RAD stock is up over 7.5% today after Rite Aid Corporation (NYSE:RAD) posted better-than-expected second-quarter earnings.
For the second fiscal quarter, the US drug store chain reported a net loss of $78.7 million USD, which represents $1.48 per share. Adjusted net income was $6.3 million USD, or $0.12 per share, while adjusted EBITDA was $134.2 million USD. Analysts expected net income of $0.07 per share and today’s results have led the company to reiterate its guidance of $21.5 billion USD to $21.9 billion USD revenue for the full fiscal 2020. The company also increased its projected net loss by about $60 million USD; however, RAD stock is still climbing.
In what was her first earnings call since replacing John Standley, new CEO Heyward Donigan said the company faces many challenges, such as the “same reimbursement pressures” other healthcare companies face, but that she was confident the company was up to the challenge. “After my first few weeks as CEO, I’m optimistic about our future because I believe in the Rite Aid brand and the opportunity we have to deliver innovative experiences as a health and wellness destination, even as we recognize the challenges ahead.” RAD shares are currently valued at $8.31.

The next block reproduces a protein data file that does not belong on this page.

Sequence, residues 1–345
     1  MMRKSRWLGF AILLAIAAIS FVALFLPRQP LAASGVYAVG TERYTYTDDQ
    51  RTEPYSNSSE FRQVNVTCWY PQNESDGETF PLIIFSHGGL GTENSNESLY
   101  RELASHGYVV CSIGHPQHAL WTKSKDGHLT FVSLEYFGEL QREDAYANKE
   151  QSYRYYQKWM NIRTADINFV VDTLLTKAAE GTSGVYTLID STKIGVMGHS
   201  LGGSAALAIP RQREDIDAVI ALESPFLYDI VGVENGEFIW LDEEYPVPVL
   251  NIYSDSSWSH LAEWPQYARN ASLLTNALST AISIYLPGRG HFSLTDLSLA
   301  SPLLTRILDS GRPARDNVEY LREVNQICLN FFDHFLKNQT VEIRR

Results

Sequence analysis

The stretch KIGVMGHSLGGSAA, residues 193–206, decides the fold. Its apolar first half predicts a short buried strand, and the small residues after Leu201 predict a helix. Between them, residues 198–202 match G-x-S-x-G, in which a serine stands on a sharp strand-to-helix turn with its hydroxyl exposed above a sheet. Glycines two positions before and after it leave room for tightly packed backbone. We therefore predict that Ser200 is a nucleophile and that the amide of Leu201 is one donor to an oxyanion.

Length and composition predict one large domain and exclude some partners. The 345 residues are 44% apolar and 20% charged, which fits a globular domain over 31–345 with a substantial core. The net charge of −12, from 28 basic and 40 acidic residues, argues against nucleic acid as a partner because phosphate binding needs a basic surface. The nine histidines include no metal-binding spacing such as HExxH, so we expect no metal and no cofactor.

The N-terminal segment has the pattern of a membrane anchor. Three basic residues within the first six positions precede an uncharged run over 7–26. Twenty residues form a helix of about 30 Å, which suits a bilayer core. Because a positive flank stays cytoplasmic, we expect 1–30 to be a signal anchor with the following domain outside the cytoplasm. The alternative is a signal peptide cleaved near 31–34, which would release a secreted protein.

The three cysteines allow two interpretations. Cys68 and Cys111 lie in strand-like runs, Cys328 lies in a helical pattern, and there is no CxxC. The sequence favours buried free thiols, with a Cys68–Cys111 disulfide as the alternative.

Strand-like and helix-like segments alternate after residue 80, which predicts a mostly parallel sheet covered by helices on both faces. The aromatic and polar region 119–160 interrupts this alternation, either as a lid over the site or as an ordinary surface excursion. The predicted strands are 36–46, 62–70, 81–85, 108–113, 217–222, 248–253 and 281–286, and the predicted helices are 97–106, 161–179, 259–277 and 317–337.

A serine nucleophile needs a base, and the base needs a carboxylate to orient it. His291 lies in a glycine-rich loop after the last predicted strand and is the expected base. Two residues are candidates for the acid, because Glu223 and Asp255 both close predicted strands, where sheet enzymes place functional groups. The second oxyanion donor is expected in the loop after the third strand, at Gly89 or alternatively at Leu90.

Standley was ousted as CEO back in March following a nine-year stint in which he oversaw two failed mergers that led to RAD stock tanking as much as 95% since the beginning of 2017. A merger with Walgreens (NASDAQ:WBA), initially announced in 2015, was thwarted by the Federal Trade Commission as it would have left US consumers with a choice of just two major pharmacy chains. Instead, Walgreens agreed to buy 2,186 Rite Aid stores for over $5 billion USD, essentially halving the company.
A second attempt at a merger for Rite Aid was announced in January 2018, this time with grocery chain Albertsons, which was worth a reported $24 billion USD. However, that deal faced intense pushback from investors as it was seen as a vehicle for Albertsons’ private equity owner, Cerberus Capital Management, to take the company public without giving any reward to Rite Aid investors. The deal was mutually terminated in August and led to a 10% decline in RAD stock.
Despite RAD stock trading a long way off its lofty peaks of over $180 before the failed mergers, today’s news is a good start to life for Donigan as Rite Aid looks to finally be turning over a new leaf.
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